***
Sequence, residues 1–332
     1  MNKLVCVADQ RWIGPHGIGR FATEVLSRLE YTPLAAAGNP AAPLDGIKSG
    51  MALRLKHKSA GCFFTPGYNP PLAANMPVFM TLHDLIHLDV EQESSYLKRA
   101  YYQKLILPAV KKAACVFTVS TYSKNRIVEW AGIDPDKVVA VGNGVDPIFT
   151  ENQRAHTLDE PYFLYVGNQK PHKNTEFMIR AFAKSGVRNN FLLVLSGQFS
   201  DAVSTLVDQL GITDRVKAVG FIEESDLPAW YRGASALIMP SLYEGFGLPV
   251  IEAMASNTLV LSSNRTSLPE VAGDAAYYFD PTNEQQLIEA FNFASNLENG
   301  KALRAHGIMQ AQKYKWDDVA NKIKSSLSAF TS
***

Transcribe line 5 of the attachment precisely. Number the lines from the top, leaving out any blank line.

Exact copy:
   151  ENQRAHTLDE PYFLYVGNQK PHKNTEFMIR AFAKSGVRNN FLLVLSGQFS